I never really was that big of a Cal Ripken, Jr. fan, but this article I read yesterday really gave me a new appreciation for him. It appeared in a book my wife picked up for me recently, called The Greatest Baseball Stories ever told, edited by a guy named Jeff Silverman out of Chadds Ford, PA. His primary focus seems to be coming up with stories that great writers have written about baseball. One example is a wonderful John Updike piece about Ted Williams' last game for the Red Sox. Just to show you how random life is, Silverman includes an intro that explains that the only reason Updike made it to the game was because his lady friend at the time was not home. If she had been, he would have missed the game and never written this fairly famous article.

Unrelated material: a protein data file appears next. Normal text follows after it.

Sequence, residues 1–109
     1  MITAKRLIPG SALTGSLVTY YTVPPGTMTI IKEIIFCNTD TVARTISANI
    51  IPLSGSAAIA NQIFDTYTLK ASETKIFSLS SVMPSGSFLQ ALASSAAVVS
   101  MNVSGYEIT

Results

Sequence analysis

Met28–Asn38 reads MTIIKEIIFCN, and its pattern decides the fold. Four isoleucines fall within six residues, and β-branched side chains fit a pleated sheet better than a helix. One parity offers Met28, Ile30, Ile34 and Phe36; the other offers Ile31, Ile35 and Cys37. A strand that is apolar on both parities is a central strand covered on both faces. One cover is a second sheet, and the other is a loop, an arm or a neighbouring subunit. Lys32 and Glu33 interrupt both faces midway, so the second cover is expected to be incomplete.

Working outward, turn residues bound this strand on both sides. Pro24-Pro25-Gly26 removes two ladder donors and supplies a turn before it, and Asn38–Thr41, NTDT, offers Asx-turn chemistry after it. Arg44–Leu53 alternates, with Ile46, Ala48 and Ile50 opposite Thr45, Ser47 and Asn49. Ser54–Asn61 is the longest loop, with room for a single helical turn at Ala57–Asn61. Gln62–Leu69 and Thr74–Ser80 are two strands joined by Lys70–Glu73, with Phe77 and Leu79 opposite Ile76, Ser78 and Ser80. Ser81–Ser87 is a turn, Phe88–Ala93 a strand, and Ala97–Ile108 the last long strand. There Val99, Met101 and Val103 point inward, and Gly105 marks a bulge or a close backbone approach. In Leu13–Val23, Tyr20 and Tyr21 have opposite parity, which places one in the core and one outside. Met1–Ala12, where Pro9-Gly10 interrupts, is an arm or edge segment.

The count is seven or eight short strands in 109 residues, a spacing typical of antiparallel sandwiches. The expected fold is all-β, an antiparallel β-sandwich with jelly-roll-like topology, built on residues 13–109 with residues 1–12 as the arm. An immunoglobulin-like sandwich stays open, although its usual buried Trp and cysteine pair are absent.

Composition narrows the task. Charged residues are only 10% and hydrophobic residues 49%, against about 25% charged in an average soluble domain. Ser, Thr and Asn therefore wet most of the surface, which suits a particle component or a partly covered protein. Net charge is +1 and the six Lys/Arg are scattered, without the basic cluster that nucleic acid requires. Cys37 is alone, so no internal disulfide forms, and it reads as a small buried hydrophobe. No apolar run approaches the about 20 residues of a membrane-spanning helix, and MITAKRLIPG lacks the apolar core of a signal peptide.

The Ripken piece is written by Richard Ben Cramer, who once won a Pulitzer Prize for international reporting. Cramer does a great job blowing up a lot of the myths surrounding Ripken. It almost seems like he going to tear the guy down, but then he builds him back up in a more authentic light, and the story ends with an amazing scene that really made me respect and admire baseball's "Iron Man." If you get a chance, it's worth the read.